Let M_{i} be the mean and T_{i} be the teacher at any iteration i. T_{i} will try to move mean M_{i} towards its own level, so now the new mean will be T_{i} designated as. The solution is updated according to the difference between the existing and the new mean given by

(8)

where is a teaching factor that decides the value of mean to be changed, and is a random number in the range [0, 1]. The value of can be either 1 or 2, which is again a heuristic step and decided randomly with equal probability as

(9)

This difference modifies the existing solution according to the following expression

(10)

2.3.2. Learner Phase

Learners increase their knowledge by two different means: one through input from the teacher and the other through interaction between themselves. A learner interacts randomly with other learners with the help of group discussions, presentations, formal communications, etc. A learner learns something new if the other learner has more knowledge than him or her. Learner modification is expressed as

Randomly select two learners and, where

Else

End If End For Accept if it gives a better function value.

3. Representation of Automatic Clustering

In this section we will discuss about Automatic clustering representation for all optimization algorithm.

Suppose that we are given a data set of N data points, where is the ith data point in n-dimensional space. The detailed process of the automatic clustering is described below.

The initial population is the made up of pop_size possible particles (i.e. solutions), and each string is a sequence of real numbers representing T cluster centers of the candidates cluster centers. In an n-dimensional space, the length of a particle is determined as The formula of particle X_{p} is:

(11)

where T is the user-defined positive number, which denotes the maximum cluster number in the cluster set generated by the individual pth particle, and pop_size denotes the population size. It is noted that the selected cluster number will be located between 2 and T. indicate the selected threshold value for the associated jth candidate cluster centers, i.e.,. In this case, the proposed cluster centers selected rules with its related threshold values are used to determine the active cluster center in initial populations, which is defined by IF THEN the jth candidate cluster center is ACTIVE ELSE IF THEN the jth candidate cluster center is INACTIVE. (12)

When a new offspring chromosome is created, the values are used to select the active cluster centroids. If due to mutation some threshold in an offspring exceeds 1 or becomes negative, it is forcefully fixed to 1 or 0, respectively. However, if it is found that no flag could be set to 1 in a chromosome (all activation thresholds are smaller than 0.5), we randomly select two thresholds and reinitialize them to a random value between 0.5 and 1.0. Thus, the minimum number of possible clusters is 2.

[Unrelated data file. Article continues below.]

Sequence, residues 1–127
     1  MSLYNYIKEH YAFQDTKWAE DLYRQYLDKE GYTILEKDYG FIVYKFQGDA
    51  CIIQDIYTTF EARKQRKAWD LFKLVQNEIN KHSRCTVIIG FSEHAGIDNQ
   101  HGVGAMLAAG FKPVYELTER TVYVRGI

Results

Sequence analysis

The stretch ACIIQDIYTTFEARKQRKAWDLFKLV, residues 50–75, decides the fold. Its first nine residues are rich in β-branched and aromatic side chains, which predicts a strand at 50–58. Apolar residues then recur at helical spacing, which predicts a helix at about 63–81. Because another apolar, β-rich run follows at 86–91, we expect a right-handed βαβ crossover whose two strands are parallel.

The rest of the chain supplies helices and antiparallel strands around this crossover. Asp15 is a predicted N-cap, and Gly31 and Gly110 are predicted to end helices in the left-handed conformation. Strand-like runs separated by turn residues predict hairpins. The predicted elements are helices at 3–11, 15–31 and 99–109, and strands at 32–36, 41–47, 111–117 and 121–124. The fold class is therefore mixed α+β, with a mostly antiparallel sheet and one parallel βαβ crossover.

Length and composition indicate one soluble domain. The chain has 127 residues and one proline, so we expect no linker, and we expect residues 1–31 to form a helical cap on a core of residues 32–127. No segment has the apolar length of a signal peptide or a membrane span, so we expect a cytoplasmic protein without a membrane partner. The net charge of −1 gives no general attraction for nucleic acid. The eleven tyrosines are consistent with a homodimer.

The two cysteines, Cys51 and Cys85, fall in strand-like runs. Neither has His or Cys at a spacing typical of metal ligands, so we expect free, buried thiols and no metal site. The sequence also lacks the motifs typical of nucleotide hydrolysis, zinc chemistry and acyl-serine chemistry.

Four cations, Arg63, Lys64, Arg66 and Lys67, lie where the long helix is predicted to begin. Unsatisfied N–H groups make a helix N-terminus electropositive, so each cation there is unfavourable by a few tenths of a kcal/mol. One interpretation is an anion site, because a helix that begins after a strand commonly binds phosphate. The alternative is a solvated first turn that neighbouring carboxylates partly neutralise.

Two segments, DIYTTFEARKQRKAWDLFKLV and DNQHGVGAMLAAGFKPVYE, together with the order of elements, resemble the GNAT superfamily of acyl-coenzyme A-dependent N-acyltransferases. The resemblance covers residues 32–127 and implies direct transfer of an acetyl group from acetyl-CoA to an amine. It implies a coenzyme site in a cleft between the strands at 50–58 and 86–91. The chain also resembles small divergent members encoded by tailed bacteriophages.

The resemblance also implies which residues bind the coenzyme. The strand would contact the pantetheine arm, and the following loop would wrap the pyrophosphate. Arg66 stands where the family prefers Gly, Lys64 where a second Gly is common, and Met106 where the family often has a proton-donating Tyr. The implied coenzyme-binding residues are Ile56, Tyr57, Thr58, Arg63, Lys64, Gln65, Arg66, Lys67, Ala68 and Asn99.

The fitness of a particle is computed with the CS measure. The CS measure is defined as

(13)

(14)

(15)

where is the cluster center of, and is the set whose elements are the data points assigned to the ith cluster, and is the number of elements in, d denotes a distance function. This measure is a function of the ratio of the sum of within-cluster scatter to between-cluster separation.

The objective of the PSO is to minimize the CS measure for achieving proper clustering results. The fitness function for each individual particle is computed by

(16)

where CS_{i} is the CS measure computed for the ith particle, and eps is a very small-valued constant.

As the number of clusters is fewer than two, the cluster center positions of this special chromosome are reinitialized by an average computation. We put n/T data points for every individual cluster center, such that a data point goes with a center that is nearest to it.

Implementation of Automatic Clustering Algorithm

Step 1: Initialize each chromosome to contain T number of randomly selected cluster centers and T (randomly chosen) activation thresholds in [0, 1].

Step 2: Find out the active cluster centers in each chromosome.

Step 3: For t = 1 to do 1) For each data vector, calculate its distance metric from all active cluster centers of the pth chromosome.

2) Assign, to that particular cluster center, where

3) Check if the number of data points that belong to any cluster center is less than 2. If so, update the cluster centers of the chromosome using the concept of average.

4) Change the population members. Use the fitness of the chromosomes to guide the evolution of the population.

Step 4: Report as the final solution the cluster centers and the partition obtained by the globally best chromosome (one yielding the highest value of the fitness function) at 1) Time change the population members. Use the fitness of the chromosomes to guide the evolution of the population.

4. Experiment and Results

In this section, we compare performance of the AUTO-TLBO algorithm with Automatic clustering using improved differential evolution (ACDE) [4] , standard hierarchical agglomerative clustering based on the linkage metric of average link [15] , the genetic algorithm clustering with an unknown number of clusters K (GCUK) [16] , dynamic clustering PSO (DCPSO) [17] and an ordinary classical DE-based clustering method. The classical DE scheme that has been used is referred in the literature as the DE/rand/1/bin [10] where “bin” stands for the binomial crossover method.

We run each algorithm separately and the accuracy of the clustering results and the runtime of the algorithms are compared

4.1. Experimental Setup